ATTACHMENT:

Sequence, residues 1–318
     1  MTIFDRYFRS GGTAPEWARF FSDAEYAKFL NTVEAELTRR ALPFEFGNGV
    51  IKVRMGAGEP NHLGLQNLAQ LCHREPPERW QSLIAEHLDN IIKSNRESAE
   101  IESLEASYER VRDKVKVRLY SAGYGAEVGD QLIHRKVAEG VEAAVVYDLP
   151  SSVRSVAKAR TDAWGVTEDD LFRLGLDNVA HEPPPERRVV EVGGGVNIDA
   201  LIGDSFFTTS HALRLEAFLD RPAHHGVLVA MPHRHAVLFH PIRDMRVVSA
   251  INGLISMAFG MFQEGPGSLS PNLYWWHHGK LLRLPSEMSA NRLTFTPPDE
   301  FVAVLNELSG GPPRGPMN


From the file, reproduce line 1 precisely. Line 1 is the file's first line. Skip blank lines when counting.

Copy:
Sequence, residues 1–318